Physical activity may slow kidney function decline in patients with kidney disease

Increased physical activity may slow kidney function decline in patients with kidney disease, according to a study appearing in an upcoming issue of the Journal of the American Society of Nephrology (JASN). The findings suggest that exercise could have a powerful effect on maintaining patients' health.

Approximately 60 million people globally have chronic (CKD). In the past 20 years, few new interventions have been shown to be useful in slowing the progression of the disease. Identifying modifiable risk factors for progression of CKD represents a critical next step toward reducing the morbidity, mortality, and health costs for one of the most expensive chronic health conditions.

Previous work by Cassianne Robinson-Cohen, PhD (Kidney Research Institute, University of Washington) and her colleagues demonstrated a link between physical inactivity and decline among older adults in the . The finding led them to question whether might help maintain CKD patients' kidney health. The team studied 256 participants of the Seattle Kidney Study, an ongoing study that is collecting information on patients with CKD, for an average of 3.7 years.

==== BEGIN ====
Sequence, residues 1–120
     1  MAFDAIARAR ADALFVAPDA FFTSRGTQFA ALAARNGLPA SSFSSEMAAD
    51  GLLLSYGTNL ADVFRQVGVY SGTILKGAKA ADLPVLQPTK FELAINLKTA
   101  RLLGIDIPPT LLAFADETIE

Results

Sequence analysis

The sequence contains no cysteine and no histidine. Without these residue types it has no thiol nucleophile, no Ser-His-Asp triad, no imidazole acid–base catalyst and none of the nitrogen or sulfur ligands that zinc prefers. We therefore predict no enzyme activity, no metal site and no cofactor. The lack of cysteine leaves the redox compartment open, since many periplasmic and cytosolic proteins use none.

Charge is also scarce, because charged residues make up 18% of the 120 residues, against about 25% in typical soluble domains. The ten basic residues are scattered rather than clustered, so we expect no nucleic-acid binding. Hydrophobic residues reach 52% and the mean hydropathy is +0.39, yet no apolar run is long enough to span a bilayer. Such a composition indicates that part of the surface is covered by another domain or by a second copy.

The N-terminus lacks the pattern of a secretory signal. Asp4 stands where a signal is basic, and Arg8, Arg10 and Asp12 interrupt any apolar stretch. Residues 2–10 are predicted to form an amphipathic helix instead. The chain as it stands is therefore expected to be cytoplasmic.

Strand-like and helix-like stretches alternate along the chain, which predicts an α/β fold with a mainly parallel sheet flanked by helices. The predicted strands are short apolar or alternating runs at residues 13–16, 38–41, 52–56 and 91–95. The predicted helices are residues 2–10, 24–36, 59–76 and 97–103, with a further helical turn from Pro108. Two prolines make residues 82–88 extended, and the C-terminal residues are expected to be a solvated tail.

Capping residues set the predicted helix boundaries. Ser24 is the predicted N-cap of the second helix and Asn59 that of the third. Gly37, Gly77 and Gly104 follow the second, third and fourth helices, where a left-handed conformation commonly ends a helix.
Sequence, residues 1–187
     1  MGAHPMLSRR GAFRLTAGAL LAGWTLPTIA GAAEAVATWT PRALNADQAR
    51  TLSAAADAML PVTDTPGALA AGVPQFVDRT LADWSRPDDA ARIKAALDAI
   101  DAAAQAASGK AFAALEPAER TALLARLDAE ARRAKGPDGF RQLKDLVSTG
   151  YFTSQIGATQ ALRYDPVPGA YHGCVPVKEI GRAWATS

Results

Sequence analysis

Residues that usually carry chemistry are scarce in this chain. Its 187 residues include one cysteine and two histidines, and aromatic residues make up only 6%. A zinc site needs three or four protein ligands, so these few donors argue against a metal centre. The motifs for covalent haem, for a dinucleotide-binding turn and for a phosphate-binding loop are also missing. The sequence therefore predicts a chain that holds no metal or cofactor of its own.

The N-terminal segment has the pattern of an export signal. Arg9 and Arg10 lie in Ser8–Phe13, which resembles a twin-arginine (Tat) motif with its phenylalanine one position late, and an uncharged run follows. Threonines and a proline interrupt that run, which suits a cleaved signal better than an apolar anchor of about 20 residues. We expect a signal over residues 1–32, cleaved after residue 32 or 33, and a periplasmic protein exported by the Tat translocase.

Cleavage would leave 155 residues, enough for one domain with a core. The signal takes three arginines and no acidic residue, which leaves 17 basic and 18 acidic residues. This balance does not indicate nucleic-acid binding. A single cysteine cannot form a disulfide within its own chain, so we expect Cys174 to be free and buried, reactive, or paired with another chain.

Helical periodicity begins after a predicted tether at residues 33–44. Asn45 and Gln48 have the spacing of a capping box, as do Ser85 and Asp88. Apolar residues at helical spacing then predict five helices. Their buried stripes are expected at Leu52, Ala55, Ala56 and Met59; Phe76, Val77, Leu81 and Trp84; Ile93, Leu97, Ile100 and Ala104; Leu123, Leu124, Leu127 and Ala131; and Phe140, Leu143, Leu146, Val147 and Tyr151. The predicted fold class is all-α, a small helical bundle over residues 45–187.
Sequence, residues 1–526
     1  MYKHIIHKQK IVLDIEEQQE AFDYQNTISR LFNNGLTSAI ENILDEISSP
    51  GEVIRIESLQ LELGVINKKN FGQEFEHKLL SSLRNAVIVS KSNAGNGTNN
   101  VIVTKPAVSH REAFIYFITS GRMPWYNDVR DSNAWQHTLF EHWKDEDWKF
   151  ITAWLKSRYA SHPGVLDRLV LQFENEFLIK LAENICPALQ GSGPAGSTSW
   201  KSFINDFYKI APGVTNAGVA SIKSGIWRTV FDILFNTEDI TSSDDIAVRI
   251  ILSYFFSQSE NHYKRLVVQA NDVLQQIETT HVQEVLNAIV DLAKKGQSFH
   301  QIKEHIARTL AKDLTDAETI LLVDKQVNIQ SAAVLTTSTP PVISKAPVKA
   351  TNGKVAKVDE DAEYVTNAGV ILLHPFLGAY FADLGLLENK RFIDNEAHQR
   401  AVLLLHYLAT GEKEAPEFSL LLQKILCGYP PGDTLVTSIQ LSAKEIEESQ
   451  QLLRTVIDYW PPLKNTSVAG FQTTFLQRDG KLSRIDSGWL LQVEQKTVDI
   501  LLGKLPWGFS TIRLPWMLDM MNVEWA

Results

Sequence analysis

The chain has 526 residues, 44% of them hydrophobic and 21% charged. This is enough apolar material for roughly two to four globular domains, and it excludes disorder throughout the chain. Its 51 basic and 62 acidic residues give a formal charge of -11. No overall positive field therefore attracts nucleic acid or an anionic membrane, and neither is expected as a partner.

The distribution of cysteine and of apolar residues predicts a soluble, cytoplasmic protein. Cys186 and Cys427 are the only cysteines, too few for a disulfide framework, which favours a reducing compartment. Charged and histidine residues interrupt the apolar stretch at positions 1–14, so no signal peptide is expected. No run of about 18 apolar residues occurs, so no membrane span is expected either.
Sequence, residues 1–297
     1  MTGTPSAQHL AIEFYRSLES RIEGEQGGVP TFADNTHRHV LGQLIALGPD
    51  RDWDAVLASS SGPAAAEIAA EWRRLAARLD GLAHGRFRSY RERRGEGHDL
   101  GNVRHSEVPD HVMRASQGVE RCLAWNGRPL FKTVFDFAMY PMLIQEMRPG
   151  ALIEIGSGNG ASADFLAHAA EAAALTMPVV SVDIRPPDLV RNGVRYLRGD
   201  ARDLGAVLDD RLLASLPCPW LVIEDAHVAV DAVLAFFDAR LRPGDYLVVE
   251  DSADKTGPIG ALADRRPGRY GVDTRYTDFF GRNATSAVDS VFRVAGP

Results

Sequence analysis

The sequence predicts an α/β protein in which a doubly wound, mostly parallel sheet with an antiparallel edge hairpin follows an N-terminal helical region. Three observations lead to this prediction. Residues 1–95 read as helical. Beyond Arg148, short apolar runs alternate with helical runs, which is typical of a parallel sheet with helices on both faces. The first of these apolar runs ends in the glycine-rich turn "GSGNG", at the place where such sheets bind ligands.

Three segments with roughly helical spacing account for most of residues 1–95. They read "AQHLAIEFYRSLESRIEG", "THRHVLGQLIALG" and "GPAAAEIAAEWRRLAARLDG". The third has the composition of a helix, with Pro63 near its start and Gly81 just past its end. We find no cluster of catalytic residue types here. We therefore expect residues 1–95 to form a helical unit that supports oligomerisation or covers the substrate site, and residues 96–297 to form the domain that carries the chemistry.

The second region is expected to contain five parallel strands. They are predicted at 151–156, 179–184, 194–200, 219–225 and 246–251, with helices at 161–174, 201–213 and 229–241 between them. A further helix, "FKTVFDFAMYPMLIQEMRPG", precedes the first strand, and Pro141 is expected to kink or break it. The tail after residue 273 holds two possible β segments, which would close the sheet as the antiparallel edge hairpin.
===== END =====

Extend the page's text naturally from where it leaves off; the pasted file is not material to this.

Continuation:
The researchers discovered that physical activity was inversely related to kidney function decline in a graded fashion and to a degree that was stronger than previously reported in the general population. Each 60-minute increment in weekly physical activity was linked with a 0.5% slower decline per year in kidney function.

"This study demonstrated that even small amounts of physical activity, such as walking 60 minutes per week, might slow the rate of kidney disease progression" said Dr. Robinson-Cohen "Physical inactivity is emerging as one of the few risk factors for kidney disease progression that is amenable to intervention."

More information: The article, entitled "Physical Activity and Change in Estimated GFR Among Persons with CKD," will appear online on December 12, 2013, DOI: 10.1681/ASN.2013040392

add to favorites email to friend print save as pdf

Related Stories

Recommended for you

Increasing malarial drug resistance a growing threat

11 hours ago

(HealthDay)—The parasite that causes malaria is growing increasingly resistant to the drugs commonly used to fight it, according to new surveillance reports. But several new drugs are in development, and ...

User comments